Northern Cardinal Example 1

Recorded at 11:30 PM by Avery Scott in North Hempstead (near Williston Park), Nassau County, New York. From

Northern Cardinal Example 2

Recorded at 6:35 AM by Brian T. Smith in Portal, Cochise County, Arizona. From

Discover more American bird species in this post here on my blog.

Strange Bird Sound At Night

Listen to the bird sound below:

Recorded at 11:30 PM by Marc Anderson in Paroo Darling National Park, New South Wales. From

That particular bird noise has haunted my family and me for 21 years. Read on to find out why…

I want to take you back to August 2000, to a little community in Victoria, Australia called Mardan. This is where I grew up with my sister, my mother, and my father, on my parent’s dairy farm.

The farm was 163 acres and in the middle of it on one side stood our 3-bedroom weatherboard home.

left - a poloaroid of a farm house with a dog and cat
right - a woman mowing grass in front of a greenhouse

The house was surrounded on all sides by huge Cyprus Pines and beyond them at the back was a plantation of tall Gum trees.

Late one very dark and eerily still night early in August of 2000, we heard a strange sound coming from the trees at the back of the house. It wasn’t really a whistle and not a hoot either, it was something none of us had heard before.

It was sounding once around every ten or twenty seconds, would fall silent, and then start up again.

We stood on the back porch, staring out into the darkness beneath the trees, feeling increasingly uneasy as we tried to figure out what this strange sound could be.

a light shining through a misty forest at night

My Dad decided to take a torch and head out into the trees to try and find what was making this strange noise.

I remember feeling quite anxious standing there staring into the blackness watching the flickering of his torchlight move back and forth.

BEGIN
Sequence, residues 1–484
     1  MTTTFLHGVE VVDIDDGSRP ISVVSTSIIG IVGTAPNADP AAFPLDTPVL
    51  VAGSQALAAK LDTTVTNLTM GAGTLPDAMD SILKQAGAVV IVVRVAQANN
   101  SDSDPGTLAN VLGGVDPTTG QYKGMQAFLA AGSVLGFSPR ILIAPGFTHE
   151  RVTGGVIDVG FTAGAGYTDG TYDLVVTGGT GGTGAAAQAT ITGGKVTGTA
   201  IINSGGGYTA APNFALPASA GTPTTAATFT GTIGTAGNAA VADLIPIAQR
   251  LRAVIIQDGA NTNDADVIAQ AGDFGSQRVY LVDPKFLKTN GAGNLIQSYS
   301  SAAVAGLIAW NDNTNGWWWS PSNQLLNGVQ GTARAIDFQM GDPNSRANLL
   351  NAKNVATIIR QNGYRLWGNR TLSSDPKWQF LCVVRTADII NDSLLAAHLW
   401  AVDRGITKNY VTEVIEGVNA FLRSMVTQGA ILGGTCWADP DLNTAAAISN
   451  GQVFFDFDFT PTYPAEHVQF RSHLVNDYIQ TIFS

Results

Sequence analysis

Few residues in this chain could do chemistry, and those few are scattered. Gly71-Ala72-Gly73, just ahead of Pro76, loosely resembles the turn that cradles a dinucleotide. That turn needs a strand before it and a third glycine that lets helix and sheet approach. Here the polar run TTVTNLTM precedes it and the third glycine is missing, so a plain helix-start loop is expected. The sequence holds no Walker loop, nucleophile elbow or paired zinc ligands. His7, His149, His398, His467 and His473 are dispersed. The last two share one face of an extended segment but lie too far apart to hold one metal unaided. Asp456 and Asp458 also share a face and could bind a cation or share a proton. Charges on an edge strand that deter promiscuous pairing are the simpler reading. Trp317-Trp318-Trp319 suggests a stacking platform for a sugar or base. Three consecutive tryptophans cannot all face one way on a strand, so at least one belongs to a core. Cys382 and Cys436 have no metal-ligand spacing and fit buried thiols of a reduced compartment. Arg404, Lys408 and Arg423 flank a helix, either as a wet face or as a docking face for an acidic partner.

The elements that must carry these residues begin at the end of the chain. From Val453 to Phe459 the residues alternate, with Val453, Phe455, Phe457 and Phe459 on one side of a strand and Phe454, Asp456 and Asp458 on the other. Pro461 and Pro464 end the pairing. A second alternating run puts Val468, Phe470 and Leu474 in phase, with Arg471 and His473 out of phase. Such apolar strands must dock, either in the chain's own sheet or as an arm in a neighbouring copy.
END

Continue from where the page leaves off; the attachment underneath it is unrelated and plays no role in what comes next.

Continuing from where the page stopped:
The sound stopped soon after he got out into the trees. After perhaps five or ten minutes of searching, he could find no trace of anything.

My father was a brave man and was not really unsettled by the whole situation. He came back claiming it must have been some kind of animal and it must have left the area when he went out there.

We all headed off to bed.

I struggled to get to sleep that night as I felt that sound had something very dark and mysterious about it. I have always been a very spiritual person, not religious but very aware of my own spirituality and of the existence of things beyond our physical world.

Are Birds Spiritual Messengers?

We heard the same strange sound a couple more times after that night. It didn’t have meaning to us until later that month…

On the 24th of August 2000, my father died of a massive heart attack. He was helping a local farmer load calves onto a truck when he just fell to the ground.

The farmer tried in vain to revive him. When the ambulance arrived, the paramedics could do nothing for him either.

Amidst the turmoil of greaving that followed, I forgot all about that strange bird sound from that night and the ones that followed.

a silhouette of a man kneeling at a grave in a cemetary
Grieving man – image by tap10 from Getty Images Signature

It has always been in my mind though and in the minds of my mother and sister. I remember a conversation I had with my mother about it. We speculated that it might have been some kind of spirit that was warning or perhaps signaling the impending death of our beloved husband and father.

I have spent the last 21 years expecting that I might hear that sound again. I have almost been dreading it, believing that it could have been some kind of spiritual messenger bird that calls before someone dies. However, I have not heard it since.

An Answer To The Strange Bird Call At Night